Cardinals quarterback Carson Palmer said he and the offense began too tentative in the playoff game against the Packers.
Carson Palmer just wanted to make sure the Cardinals got some completions early in the game against what he figured to be a furious Packers pass rush. The quarterback wanted to avoid negative situations, which is why he went more conservative in his play choices last week.
Did nerves play a factor in Palmer's slow start? Palmer wouldn't go that far Wednesday, but he sounded confident he and the Cardinals
would be in the right frame of mind when they play in Carolina Sunday for the NFC Championship.
"There are always butterflies," Palmer said. "I get butterflies in preseason. And I love that. That's what football gives you. That's how I still know I love it.
"The first half (against Green Bay), we've had other halves like that. … I think wanting it so bad, maybe too bad, being tentative, that's not my style. That's not our head coach's style. This is not a tentative offense. I think being tentative bit us in the butt in the first half. We came out with a different mindset -- I came out with a different mindset -- after halftime."
Palmer had 74 yards passing in the first half, and 275 yards passing in the second half and overtime.
"I think everybody got (nervousness) out of the way, and with it especially being such a tight game, it was very beneficial to us," coach Bruce Arians said. "I think this preparation already, you can see a different football team. It looks like a lot of energy, a lot of focus, maybe not as much apprehension."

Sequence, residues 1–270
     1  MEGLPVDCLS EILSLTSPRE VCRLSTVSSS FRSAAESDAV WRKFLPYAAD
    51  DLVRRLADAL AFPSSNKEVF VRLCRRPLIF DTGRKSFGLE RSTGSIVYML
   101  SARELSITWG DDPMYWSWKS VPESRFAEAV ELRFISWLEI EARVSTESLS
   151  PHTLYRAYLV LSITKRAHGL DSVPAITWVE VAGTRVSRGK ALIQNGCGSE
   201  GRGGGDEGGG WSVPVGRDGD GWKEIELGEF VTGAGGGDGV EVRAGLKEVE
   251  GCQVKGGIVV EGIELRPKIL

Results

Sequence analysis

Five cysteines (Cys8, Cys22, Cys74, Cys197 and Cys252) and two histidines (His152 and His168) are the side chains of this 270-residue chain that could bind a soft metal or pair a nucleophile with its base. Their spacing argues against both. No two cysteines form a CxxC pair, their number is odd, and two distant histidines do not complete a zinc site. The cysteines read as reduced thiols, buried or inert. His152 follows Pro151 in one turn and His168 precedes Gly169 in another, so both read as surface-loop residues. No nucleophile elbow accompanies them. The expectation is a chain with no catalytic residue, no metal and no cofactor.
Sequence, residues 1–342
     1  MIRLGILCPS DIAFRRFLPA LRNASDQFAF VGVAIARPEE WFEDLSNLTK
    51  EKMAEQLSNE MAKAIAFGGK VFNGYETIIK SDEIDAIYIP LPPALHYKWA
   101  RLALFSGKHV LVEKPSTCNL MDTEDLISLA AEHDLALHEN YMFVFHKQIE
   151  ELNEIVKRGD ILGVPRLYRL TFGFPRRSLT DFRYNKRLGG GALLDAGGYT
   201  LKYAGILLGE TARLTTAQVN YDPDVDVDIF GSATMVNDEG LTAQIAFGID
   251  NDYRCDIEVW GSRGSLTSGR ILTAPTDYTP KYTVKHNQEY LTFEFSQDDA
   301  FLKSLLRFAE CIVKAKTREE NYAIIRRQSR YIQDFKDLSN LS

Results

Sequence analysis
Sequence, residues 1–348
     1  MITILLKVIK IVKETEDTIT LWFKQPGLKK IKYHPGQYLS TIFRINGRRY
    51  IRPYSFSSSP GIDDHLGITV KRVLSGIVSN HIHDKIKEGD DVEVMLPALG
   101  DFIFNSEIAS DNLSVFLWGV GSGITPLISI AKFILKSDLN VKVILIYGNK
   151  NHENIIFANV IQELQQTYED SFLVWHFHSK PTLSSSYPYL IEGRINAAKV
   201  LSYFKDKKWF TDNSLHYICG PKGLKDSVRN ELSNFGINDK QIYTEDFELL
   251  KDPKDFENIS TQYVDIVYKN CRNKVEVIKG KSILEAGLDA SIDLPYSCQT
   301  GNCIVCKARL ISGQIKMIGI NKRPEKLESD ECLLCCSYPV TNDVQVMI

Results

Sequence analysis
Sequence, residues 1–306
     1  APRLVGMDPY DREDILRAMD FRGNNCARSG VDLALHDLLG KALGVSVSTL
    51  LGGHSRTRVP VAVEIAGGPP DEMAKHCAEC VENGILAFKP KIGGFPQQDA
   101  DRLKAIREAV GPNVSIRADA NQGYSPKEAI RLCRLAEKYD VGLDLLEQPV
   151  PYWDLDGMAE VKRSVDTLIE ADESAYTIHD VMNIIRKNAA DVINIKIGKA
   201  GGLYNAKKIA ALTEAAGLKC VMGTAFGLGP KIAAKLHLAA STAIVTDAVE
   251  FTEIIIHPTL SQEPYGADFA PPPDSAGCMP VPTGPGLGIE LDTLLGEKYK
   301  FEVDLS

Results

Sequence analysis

As a follow up, Arians was asked specifically of Palmer, to which the coach said, "that's basically who I'm talking about."
Whatever problems he might have had, Palmer insisted it wasn't because of the finger he hurt Dec. 20 in Philadelphia. The quarterback quickly dismissed that idea, saying it was not bothering him. "There is no issue with the finger," he said.
OLSEN PRESENTS ANOTHER TIGHT END PROBLEM
Arians paused for a moment when he was asked, if the Cardinals were able to neutralize Panthers tight end Greg Olsen Sunday, how Carolina would be able to beat Arians' team.
"Well, that's a good question," Arians said. "We take him out of the passing game, that's about 47 percent of it, and that's our goal.
That's hard to do though."
Olsen has worked well with Panthers quarterback Cam Newton before this season, but with the season-ending knee injury to top receiver Kelvin Benjamin in training camp, Olsen became that much more important. He had 77 catches for 1,104 yards and seven touchdowns. Only Patriots tight end Rob Gronkowski had more yards as a tight end.
The Cards have had their issues since Arians arrived against tight ends, and the defense lost a key piece when safety Tyrann Mathieu got hurt. But defending the tight end has improved, Arians said, with linebackers like Karlos Dansby, Larry Foote and now Deone Bucannon, along with safety play.
"It's funny because we played Jimmy Graham, Vernon Davis, some of those guys who are split outs," Arians said. "That's where they were catching balls. Greg Olsen is a whole new problem because he's everywhere. He is their focal point."
INJURIES SHOULDN'T BE A FACTOR
It was Arians' opening statement Wednesday: "Basically, no injuries to report." The Cardinals indeed have a bunch of players listed on the report, but all are expected to be available for Sunday's game.
Five players were limited: Cornerback Justin Bethel (ankle), wide receiver John Brown (shoulder), running back David Johnson (toe), defensive tackle Josh Mauro (calf) and defensive tackle Frostee Rucker (ankle).
For the Panthers, the list was even shorter, although three players did not practice: Running back Jonathan Stewart (ankle), defensive tackle Dwan Edwards (foot) and defensive end Jared Allen (foot).